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DCVW teamed up with actor Sung Kang, Kyusha House, and Williams Machine Inc to design and create the perfect 1970s Seiko rally car stopwatch project, to reside in Sung's 1970s Datsun 240Z "Doc Z" rally car for its debut at the late 2021 SEMA Show, with the Doc Z going on to win awards at the show.


This is that project, as covered by Motor Trend and other periodicals...


We have produced a mere 16 signed and numbered examples - one resides in Sung's "Doc Z" rally car and another in his 1972 Datsun S30 “Fugu Z” (winner of the Gran Turismo Awards at SEMA - and also a car option in the Gran Turismo game), with another 14 up for grabs - and unlike other watch "limited editions," when we say it, we mean it!


Each of the 16 CAD-designed example features an aluminum billet mount, custom designed mounts, and two 1970s Seiko 88-5061 stopwatches - one 15 minute and one 30 minute.  We have engraved each mount with the logos for Sung's official website, Sung's Garage, Kyusha House engineering, Williams Machine Inc, and - of course - DC Vintage Watches.  Each example also features a limited edition number, ie: "2/16," and arrives in a rugged Pelican 1060 case.


Per Motor Trend, "The old school Z-car family has always been associated with motorsports, though its typically on a racetrack.  In 1970, after having finally found a major victory in rally racing during the 18th annual East African Safari rally with the Datsun Bluebird, Nissan returned in 1971 with a 240Z that would go on to claim yet another overall win—the first ever back-to-back wins in fact, and the first vehicle to win a championship in its debut outing.  This was a milestone achievement for the brand and helped solidify the Z-car's undeniable potential."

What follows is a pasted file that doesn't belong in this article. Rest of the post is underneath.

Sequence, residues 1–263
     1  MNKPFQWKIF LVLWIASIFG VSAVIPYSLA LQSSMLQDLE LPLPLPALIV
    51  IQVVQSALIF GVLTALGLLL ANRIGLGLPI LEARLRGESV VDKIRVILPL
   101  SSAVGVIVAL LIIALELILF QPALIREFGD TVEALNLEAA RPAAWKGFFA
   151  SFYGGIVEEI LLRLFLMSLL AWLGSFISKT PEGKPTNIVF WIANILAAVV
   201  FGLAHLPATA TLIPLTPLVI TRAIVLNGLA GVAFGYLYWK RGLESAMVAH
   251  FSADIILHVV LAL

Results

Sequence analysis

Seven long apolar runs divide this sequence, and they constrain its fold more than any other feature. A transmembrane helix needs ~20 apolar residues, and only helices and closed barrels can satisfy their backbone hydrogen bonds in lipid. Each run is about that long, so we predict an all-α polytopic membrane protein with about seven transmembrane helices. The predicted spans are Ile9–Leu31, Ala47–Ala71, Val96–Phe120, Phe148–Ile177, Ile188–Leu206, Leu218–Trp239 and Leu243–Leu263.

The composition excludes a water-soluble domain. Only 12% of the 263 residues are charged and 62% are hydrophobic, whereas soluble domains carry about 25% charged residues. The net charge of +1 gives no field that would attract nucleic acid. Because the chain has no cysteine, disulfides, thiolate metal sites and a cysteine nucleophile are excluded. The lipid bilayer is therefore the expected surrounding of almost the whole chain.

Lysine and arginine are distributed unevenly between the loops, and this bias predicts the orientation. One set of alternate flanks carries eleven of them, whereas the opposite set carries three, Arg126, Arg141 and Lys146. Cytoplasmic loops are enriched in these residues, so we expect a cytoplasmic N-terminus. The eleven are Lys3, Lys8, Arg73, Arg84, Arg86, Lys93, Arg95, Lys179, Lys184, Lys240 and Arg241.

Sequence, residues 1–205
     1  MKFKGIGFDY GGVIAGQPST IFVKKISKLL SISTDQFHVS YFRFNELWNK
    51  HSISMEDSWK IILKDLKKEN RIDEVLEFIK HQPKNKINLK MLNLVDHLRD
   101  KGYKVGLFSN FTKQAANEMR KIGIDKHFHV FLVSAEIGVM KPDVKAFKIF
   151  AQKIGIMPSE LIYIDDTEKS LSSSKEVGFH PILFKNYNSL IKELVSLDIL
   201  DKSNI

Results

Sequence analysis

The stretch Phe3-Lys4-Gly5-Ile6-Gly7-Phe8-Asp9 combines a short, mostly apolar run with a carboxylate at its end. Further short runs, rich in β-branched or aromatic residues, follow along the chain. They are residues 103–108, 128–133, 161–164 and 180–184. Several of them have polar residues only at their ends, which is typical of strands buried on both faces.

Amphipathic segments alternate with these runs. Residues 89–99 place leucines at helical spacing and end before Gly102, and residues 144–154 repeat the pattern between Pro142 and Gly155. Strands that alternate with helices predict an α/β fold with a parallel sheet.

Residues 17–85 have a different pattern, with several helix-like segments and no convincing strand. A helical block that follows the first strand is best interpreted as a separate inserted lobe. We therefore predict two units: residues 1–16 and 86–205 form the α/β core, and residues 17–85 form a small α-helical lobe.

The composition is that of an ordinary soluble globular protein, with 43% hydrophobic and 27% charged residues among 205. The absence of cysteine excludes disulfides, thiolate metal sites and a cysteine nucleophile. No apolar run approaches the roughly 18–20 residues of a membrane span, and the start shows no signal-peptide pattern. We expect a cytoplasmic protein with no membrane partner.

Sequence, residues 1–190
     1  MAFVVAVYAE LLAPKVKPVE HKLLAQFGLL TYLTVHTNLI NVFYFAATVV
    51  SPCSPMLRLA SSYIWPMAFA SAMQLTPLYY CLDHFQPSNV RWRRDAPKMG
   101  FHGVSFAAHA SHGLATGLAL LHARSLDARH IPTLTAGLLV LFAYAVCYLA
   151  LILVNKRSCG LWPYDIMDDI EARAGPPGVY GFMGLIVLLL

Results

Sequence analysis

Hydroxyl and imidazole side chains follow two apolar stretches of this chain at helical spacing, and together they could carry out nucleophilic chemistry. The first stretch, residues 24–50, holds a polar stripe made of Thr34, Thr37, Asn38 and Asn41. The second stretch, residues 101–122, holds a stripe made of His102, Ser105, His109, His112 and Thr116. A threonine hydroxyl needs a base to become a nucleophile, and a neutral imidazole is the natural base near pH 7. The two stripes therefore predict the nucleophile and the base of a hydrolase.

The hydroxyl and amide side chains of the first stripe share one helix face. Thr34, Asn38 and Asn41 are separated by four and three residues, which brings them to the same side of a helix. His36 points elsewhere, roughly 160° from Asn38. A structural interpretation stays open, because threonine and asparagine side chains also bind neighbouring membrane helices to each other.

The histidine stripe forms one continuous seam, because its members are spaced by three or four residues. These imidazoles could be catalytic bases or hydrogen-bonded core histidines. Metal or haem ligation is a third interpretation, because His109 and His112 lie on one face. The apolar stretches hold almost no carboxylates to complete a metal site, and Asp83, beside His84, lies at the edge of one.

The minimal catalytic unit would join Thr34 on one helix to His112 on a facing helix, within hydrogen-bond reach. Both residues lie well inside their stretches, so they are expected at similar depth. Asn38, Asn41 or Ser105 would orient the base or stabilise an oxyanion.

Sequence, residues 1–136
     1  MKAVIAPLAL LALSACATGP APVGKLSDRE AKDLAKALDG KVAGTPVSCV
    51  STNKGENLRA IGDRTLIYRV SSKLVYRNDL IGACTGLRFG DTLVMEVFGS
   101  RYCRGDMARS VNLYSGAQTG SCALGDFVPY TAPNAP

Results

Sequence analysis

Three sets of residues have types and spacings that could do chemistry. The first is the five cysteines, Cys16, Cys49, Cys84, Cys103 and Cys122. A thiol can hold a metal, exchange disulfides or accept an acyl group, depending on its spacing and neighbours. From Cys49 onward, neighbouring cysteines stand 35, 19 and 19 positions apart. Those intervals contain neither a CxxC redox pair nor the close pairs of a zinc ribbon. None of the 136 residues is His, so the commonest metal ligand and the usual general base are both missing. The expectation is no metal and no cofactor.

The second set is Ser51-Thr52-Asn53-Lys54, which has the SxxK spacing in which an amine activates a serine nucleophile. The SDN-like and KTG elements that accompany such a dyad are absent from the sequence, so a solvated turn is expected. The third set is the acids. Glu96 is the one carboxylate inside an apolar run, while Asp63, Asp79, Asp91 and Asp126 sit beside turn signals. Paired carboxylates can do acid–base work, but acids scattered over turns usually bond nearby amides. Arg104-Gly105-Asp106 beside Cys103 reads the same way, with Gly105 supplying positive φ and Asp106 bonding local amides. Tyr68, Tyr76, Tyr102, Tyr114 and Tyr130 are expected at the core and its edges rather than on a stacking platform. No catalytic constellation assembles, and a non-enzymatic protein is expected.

"A definitive departure from the Fugu Z, this new Doc Z project, the result of a very talented group of builders, associates, and a touch of a fate, draws far more inspiration from yesteryear and presents itself as a fascinating mix of cultures with some unique history tied in.  Far more than a high-dollar build-up to present at SEMA, this build represents Kang's desire to offer a personal contribution to the automotive community."


Now, about those vintage Seiko stopwatches!


Seiko's stopwatches are legendary, with the Seiko 88-5061s here great examples.  1964 marked the emergence onto the world stage of a post-war Japan, most readily apparent in Tokyo hosting the Summer Olympics that same year.  Dark horse Seiko – despite having no prior experience in sports timing (much to Heuer’s chagrin, we're sure) – was named the official timekeeper, and began research and development in preparation for the games in 1961.

Even though head of Seiko's Watch Design Section Saburou Inoue noted his severe reluctance that Seiko could devise suitable timepieces in time for the 1964 Summer Games - only a few years away - legendary Seiko President Shoji Hattori would not be dissuaded.


Hattori may have been on to something, at least with the benefit of hindsight.  Seiko’s lack of experience also meant it lacked preconceived notions on how timekeeping should be conducted.  At the time, it was assumed to be human error when multiple stopwatches – used simultaneously – resulted in different times.